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SPRING IS THE TIME TO TEST PRIVATE WELLS FOR BACTERIA

April 26, 2011

MADISON -- Private well owners should test their well water at least once a year for bacteria, periodically for nitrate, and should consider testing for other contaminants to keep their families safe, state health and drinking water officials say.

A recent survey found that well owners are not testing as regularly as they should and are not testing for the range of contaminants that may be in groundwater, says Dr. Lynda Knobeloch, a senior toxicologist with the Wisconsin Department of Health Services.

More than 7,300 Wisconsin residents took part in the 2008-9 Behavioral Risk Factor Survey that included questions about well testing.

The survey found that one-third of Wisconsin families depend on private wells for their drinking water and that less than a quarter of those wells had been tested within the past year, the recommended frequency. Far fewer families tested their water for other kinds of contamination such as solvents, gasoline, fuel oil, toxic metals, or pesticides.

The Department of Natural Resources advises people to test their water for bacteria at least once a year and if they notice changes in taste, odor and appearance of their water. Private wells also should be tested periodically for nitrate, and more often if they are near corn, soybean or vegetable fields, operations where fertilizer is manufactured, or animal feedlots and manure storage facilities, says Mark Putra, who leads the private water section for the DNR drinking water and groundwater program.

And well owners may need to test for other contaminants such as arsenic or agricultural chemicals, depending on the surrounding land use practices.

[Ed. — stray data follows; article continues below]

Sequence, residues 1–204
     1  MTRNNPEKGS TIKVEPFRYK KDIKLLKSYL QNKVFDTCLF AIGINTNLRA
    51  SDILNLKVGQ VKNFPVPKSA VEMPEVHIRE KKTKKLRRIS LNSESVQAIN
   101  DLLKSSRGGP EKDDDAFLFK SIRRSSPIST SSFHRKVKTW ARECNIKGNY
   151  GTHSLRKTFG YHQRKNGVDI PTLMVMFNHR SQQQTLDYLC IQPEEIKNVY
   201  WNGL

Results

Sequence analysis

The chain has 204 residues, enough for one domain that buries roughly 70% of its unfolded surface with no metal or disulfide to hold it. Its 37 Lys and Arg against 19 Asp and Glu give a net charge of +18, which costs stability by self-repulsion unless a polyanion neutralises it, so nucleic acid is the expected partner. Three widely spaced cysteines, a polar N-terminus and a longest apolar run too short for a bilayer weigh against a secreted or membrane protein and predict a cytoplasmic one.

Spring thaw often brings increase in bacterial contamination

Most private wells provide safe drinking water if they are properly located, constructed, installed and maintained, Putra says. "However, we tend to see an increase in well contamination problems after spring thaw when melting snow soaks into the ground."

Some wells may become contaminated with bacteria that is not filtered out as the water soaks into the ground; such problems may be exacerbated during flooding. Surviving microbes can enter the groundwater by moving through fractured bedrock, quarries, sinkholes, inadequately grouted wells or cracks in the well casing. Insects or small rodents can also carry bacteria into wells with inadequate caps or seals, he says.

When flooding occurs, well owners should suspect that their drinking water is contaminated by floodwaters if the well casing becomes inundated; if there's a change in taste, color or sediment; or if the well does not have a deep casing and is near areas that have been flooded. Well owners should not drink from flooded wells until waters recede and the well test shows the water is safe. Wells located in pits and basements are especially susceptible to contamination.

Knobeloch urges well owners to find out more about common contaminants in their area and have their water tested regularly. "While contaminated water often looks and tastes fine, it can increase your risk of illnesses ranging from diarrhea to cancer and heart disease."

She noted that the main reason well owners provided when asked why they didn't test their water was that the water seemed to be safe based on its taste, odor and appearance. Nearly half of the homeowners who had never tested their water stated that they didn't know what to test for or weren't sure where to send their water for testing.

More information about testing, which laboratories can do the analysis, and what contaminants to test for can be found on the Test Your Private Well Water Annually of the DNR website. /org/water/dwg/privatewelltest.htm

FOR MORE INFORMATION CONTACT: Mark Putra (608) 267-7649; Lynda Knobeloch, DHS (608) 266-0923

Last Revised: Tuesday, April 26, 2011




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